6.5 Creedmoor vs .308 Winchester: Which is Better?
he comparison between 6.5 Creedmoor vs .308 Winchester is similar to AR15 vs. AK47 or the 9mm vs. .45 ACP debate. No matter what, someone will always feel the other cartridge is better and nothing will change their mind. While it's great to have a favorite we can all agree that both the 6.5 Creedmoor and .308 Winchester have fantastic capabilities all around. Let’s take a closer look at the two.
History of .308 Winchester
Springfield M1As in .308 Winchester Source: Gunandsurvival.com
.308 Winchester was originally designed to be a shorter-action version of the .30-06 for the military. The .30, being a shorter-action round, is capable of greater reliability for semi-automatic rifles like the BAR.
After being used heavily by the military, the .308 was introduced to the civilian market in 1952 where it was offered in several hunting rifles such as the Winchester Model 70. In 1954, the .308 Winchester was adopted by NATO and designated as the 7.62x51MM NATO. Fast forward to today and the 308 WIN has become one of the longest-running and most successful rounds ever developed by the military.
6.5 Creedmoor History
CMMG MK3 AR10 in 6.5 Creedmoor. Source:
On the other hand, 6.5 Creedmoor is the relatively new kid on the block. First released to the public in 2007 by Hornady, the 6.5CM was developed to have a low perceived recoil and a high-ballistic coefficient while still being magazine-fed and promoted to offer good barrel life and accuracy. Though it was slow to take-off, USSOCOM adopted the round to replace their .308 rifles in 2019.
6.5 CM vs 308 Win Accuracy
Both the 6.5 Creedmoor and .308 Winchester are incredibly accurate rounds due to their high ballistic coefficients. However, when the distances begin to get stretch past 800 yards, the 6.5 CM becomes the winner of this matchup. 6.5 Creedmoor retains more energy and has less of a bullet drop at long distances for shots out to 1000 yards which, non-coincidentally is why you'd see a lot of 6.5 CM guns at 1000 yard matches.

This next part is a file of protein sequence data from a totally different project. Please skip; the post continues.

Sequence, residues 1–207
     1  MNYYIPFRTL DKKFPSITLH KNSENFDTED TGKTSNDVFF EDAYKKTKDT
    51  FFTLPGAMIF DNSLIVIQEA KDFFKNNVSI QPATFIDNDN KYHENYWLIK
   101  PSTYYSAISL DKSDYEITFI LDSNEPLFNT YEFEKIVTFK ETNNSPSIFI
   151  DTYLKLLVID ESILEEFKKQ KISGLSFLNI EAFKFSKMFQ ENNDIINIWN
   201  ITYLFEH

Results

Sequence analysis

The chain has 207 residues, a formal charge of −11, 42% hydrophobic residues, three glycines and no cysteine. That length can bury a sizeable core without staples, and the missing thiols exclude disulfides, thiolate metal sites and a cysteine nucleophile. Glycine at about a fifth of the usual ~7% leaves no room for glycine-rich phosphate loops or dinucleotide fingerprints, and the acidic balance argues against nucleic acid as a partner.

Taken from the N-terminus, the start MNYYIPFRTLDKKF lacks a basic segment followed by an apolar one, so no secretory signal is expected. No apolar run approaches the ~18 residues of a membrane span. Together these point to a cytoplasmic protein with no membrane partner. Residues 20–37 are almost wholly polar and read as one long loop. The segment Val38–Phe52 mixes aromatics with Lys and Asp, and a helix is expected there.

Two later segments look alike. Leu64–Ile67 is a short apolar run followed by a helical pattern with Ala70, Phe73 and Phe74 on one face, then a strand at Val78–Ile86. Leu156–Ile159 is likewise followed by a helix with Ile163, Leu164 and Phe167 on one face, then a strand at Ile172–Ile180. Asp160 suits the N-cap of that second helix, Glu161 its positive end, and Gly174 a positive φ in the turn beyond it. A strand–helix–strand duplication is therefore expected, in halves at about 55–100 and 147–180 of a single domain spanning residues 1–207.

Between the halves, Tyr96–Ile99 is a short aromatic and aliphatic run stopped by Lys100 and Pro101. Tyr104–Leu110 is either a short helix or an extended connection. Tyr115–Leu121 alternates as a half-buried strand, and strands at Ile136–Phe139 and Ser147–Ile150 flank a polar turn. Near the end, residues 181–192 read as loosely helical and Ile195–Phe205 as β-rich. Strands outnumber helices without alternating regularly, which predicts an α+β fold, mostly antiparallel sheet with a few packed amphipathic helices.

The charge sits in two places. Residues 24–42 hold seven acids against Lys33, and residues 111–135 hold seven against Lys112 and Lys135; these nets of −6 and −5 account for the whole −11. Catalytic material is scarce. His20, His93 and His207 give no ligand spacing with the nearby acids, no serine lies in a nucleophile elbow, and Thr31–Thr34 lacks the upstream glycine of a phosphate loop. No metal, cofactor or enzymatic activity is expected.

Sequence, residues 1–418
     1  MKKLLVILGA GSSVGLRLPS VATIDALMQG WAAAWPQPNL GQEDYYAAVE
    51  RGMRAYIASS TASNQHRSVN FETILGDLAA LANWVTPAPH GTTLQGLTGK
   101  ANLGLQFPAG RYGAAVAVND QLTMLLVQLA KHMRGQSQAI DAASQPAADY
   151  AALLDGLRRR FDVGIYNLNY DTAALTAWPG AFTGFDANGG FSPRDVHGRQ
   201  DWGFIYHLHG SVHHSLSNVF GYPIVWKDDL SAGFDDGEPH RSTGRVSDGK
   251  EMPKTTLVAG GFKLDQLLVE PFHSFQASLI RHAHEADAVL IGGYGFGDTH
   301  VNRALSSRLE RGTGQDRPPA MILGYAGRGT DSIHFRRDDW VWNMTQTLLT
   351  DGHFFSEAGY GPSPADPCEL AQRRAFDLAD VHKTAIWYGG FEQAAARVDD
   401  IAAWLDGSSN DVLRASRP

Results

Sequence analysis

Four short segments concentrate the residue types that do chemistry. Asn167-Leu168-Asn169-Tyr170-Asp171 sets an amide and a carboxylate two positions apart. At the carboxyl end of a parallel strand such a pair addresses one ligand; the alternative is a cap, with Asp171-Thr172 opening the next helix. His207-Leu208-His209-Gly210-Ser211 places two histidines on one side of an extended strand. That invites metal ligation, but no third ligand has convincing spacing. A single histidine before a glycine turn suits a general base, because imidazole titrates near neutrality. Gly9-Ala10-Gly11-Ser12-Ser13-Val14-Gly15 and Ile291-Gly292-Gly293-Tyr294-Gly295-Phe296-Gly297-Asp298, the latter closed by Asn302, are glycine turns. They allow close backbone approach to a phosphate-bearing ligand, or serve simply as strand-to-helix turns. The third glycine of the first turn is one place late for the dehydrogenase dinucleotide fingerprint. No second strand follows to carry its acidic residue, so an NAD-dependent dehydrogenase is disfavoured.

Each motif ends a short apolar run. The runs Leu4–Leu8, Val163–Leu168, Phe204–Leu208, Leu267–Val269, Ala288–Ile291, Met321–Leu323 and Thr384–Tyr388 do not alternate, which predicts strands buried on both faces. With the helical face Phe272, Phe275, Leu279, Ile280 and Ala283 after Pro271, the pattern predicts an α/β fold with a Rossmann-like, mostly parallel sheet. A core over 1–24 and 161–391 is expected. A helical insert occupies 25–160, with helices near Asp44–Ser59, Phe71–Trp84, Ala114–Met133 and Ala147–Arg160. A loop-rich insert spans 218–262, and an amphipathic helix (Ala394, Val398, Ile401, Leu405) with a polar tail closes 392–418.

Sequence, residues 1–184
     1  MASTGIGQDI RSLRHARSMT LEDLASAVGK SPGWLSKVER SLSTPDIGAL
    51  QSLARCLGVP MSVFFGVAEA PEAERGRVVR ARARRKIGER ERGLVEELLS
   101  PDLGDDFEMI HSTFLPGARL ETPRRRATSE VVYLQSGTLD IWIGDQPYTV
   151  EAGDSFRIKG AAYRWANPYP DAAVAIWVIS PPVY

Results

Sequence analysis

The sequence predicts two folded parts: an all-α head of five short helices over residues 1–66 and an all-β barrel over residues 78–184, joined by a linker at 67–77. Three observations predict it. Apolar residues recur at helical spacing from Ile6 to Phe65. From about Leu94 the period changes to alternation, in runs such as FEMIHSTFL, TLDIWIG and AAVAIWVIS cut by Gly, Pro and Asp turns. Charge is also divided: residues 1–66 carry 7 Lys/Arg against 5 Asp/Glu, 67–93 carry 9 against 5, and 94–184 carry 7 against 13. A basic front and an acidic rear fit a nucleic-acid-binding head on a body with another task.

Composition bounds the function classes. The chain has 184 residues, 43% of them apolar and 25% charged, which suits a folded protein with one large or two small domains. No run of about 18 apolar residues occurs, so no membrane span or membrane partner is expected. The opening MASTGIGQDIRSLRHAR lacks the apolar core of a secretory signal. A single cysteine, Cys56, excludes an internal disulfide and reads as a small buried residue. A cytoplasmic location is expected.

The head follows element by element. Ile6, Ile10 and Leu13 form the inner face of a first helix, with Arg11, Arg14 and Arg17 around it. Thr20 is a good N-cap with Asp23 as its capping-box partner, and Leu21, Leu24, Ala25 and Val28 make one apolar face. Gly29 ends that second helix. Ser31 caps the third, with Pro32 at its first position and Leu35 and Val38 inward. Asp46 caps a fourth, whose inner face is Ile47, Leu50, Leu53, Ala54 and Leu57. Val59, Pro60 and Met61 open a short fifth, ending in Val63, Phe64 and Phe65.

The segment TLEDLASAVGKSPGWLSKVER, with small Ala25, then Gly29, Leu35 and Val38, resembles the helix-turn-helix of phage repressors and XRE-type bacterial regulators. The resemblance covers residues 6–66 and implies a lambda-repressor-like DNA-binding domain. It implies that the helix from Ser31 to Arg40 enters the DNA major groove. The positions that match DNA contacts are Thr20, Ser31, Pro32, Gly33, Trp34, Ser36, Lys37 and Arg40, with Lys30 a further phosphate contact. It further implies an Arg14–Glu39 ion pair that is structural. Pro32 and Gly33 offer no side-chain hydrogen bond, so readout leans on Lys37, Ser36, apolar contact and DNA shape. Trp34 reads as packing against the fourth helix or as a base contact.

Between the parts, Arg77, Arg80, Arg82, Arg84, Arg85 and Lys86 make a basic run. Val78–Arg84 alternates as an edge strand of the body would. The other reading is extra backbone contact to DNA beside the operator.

6.5 CM vs. .308 Winchester Recoil
Recoil is always on every long-distance shooter’s mind and this is no different. As stated above, 6.5 Creedmoor was developed to have less perceived recoil than the .308 Winchester and it is the clear winner. When compared to a comparable .308, the 6.5 CM hits about 25% less than the .308.
Which is more expensive?
Since the .308 Winchester has been so popular for so long - nearly every ammunition manufacturer produces multiple loads for .308. Military surplus ammo is also available so you'll always be able to find .308 in any gun shop and while we wouldn't say 308 is cheap, it's certainly less than what 6.5 CM costs. The creedmoor round will also be much harder to buy in bulk as well.
308 Winchester price
As far as rifle rounds' cost go, .308 Winchester or 7.62x51mm NATO can be found in a lot of places from $.75 a round up to $2 for pricey hunting loads. .308 is such a widely used round that it can be one of the cheaper choices for cartridges.
6.5 Creedmoor price
Like just about everything else these days, 6.5 Creedmoor average costs have also skyrocketed. Expect to pay $2.75-$4 a round.
Is .308 more powerful than 6.5 Creedmoor?
So which one is better? Ballistically speaking, the 6.5 Creedmoor is a far superior round with lower recoil, better energy retention, wind drift and less bullet drop. 6.5 Creedmoor is an excellent hunting choice - for everything from Whitetail Deer to Elk. Meanwhile, .308 Winchester barrels last almost 3x as long as the 6.5 Creedmoor. Ultimately, the 6.5 Creedmoor is going to be a far more expensive round for the average shooter. Ask yourself how often you will realistically be shooting at distances of 700-1000+ yards.
.308 Winchester has a proven track record of reliability dating back nearly 60 years with military, law enforcement and civilian shooters alike. Loads are usually in the 125-180 grain region and they deliver quite a punch with those heavy bullets. .308 has a kinetic energy advantage out to about 300 yards but both rounds have a similar trajectory. When we begin to push out past 500 yards the 6.5 CM hits about 6” higher than a comparable .308 Winchester round.
Which caliber should you choose?
.308 Winchester is far easier on the wallet than 6.5 Creedmoor. When we consider these high costs it seems that the novice shooter should consider a .308 and practice with the rifle a good bit before making the step into 6.5 Creedmoor. Unless we’ll be shooting over 500 yards consistently we might never experience what makes the 6.5 Creedmoor so special. (Don’t get us wrong though, 6.5 CM is an incredible round.)
Although it makes perfect sense for the military to swap over to 6.5 Creedmoor but it is a very expensive round for the average person. If we aren’t shooting at very long ranges consistently we might do best to stick with the .308 Winchester that allows us to shoot far more and not end up with an empty wallet after a range day. The 6.5 Creedmoor is an incredible round - it's just expensive to shoot.
Thanks for reading and spending some time with us here at 5D Tactical. When you are ready to build your own .308 or 6.5CM AR-10, why not check out our build kits here? Until next time!